In the years immediately before the AIDS crisis, urban centers exploded with large populations of politicized gay men engaged in radical forms of open sexuality. In 1979, the year I was born, the AIDS crisis had not yet reached its full devastation and the largely gay and Latino neighborhood of Silver Lake – an artist’s enclave adjacent to Downtown Los Angeles – boasted over 10 exclusively gay bathhouses. The sexual revolution of the 1960s contributed to the slow and on-going liberation of gay men to openly (some what) express their same-sex gender choice. In his book, Beyond Shame, Patrick Moore chronicles the history of bath houses and sex clubs, aligning it with the history of the radical left, feminism and the counter-cultural revolution of the ’60s and ’70s. Speaking about the ‘radical’ aspect of sex clubs and bath houses, Moore writes:
“In the 1970s, gay men initiated an astonishing experiment in radically restructuring existing relationships, concepts of beauty, and the use of sex as a revolutionary tool.”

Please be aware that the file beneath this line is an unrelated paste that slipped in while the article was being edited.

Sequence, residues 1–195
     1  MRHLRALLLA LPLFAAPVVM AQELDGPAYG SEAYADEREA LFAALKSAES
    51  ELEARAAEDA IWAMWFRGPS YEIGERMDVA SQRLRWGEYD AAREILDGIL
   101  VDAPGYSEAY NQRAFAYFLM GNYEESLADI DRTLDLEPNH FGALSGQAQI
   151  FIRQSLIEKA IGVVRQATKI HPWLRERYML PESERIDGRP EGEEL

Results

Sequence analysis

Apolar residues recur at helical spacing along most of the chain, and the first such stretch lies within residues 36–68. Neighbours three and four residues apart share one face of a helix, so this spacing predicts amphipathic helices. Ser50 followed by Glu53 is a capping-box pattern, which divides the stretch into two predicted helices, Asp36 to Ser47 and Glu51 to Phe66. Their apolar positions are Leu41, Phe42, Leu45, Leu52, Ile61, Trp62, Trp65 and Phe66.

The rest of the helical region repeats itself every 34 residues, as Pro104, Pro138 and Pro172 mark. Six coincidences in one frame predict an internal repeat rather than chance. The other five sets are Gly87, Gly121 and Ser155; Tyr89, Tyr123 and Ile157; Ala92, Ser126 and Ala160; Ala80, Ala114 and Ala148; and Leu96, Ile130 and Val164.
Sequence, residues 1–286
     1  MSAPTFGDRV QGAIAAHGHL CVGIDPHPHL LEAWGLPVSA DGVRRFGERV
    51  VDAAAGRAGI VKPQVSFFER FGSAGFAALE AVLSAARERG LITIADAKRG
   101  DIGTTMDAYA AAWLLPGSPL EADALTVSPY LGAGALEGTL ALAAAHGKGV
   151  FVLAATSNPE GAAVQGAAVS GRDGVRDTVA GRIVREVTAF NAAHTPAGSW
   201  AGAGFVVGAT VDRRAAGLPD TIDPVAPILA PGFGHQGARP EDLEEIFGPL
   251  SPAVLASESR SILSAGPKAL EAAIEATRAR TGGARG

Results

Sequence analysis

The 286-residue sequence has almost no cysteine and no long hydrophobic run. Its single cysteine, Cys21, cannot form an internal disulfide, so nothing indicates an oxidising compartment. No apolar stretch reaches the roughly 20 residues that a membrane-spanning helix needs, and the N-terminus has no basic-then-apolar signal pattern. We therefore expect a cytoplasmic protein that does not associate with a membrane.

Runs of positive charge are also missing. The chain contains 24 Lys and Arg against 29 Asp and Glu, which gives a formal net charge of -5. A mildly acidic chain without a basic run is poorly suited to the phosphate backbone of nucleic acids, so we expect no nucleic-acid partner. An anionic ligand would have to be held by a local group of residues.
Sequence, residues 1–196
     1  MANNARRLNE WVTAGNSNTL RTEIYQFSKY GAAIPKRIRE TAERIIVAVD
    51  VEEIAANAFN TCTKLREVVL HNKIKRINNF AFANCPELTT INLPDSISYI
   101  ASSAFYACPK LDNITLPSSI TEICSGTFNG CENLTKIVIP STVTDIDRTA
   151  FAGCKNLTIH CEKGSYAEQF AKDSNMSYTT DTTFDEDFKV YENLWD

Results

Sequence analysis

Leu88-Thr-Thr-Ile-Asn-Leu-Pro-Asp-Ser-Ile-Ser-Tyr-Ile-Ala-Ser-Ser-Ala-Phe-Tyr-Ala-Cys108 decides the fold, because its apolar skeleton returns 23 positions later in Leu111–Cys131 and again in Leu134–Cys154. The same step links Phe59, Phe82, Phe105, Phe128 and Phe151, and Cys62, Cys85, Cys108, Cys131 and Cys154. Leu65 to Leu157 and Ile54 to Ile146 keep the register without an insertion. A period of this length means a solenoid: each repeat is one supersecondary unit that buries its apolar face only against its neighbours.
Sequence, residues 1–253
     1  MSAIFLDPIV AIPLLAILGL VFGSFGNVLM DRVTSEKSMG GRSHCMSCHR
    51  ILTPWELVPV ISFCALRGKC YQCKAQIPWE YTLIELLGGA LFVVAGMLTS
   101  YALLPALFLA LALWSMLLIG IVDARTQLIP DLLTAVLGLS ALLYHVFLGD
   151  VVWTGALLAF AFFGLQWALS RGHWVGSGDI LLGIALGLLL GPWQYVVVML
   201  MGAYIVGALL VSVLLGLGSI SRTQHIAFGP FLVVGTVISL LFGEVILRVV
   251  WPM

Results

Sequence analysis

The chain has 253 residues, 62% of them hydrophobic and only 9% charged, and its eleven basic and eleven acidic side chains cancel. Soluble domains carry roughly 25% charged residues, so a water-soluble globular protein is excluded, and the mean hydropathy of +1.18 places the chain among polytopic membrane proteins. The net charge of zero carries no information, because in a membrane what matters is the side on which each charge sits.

AIDS, of course, changed all of that. By 1981 AIDS became a full-blown epidemic that was shrouded in mystery and misinformation. Major cities shut down legal bathhouses and an entire generation of gay men fell victim to the disease. We will never know what would have become of their ‘experimentation.’ All we are left with is a gap in the lineage of elder gay men.
Select Solo Exhibitions
Bowdoin Museum, Brunswick, Maine
Acuna-Hansen Gallery, Los Angeles
Select Group Exhibitions
Phantom Sightings, El Museo Del Barrio, New York
Utopia Dystopia, Leslie Tonkonow Artworks + Projects, New York
Modular: New Art From Los Angeles, White Flag Projects, St. Louis, Mo.
Fresh, Museum of Contemporary Art, San Diego, Calif.
University of California, San Diego
Skowhegan School of Painting and Sculpture
Maryland Institute College of Art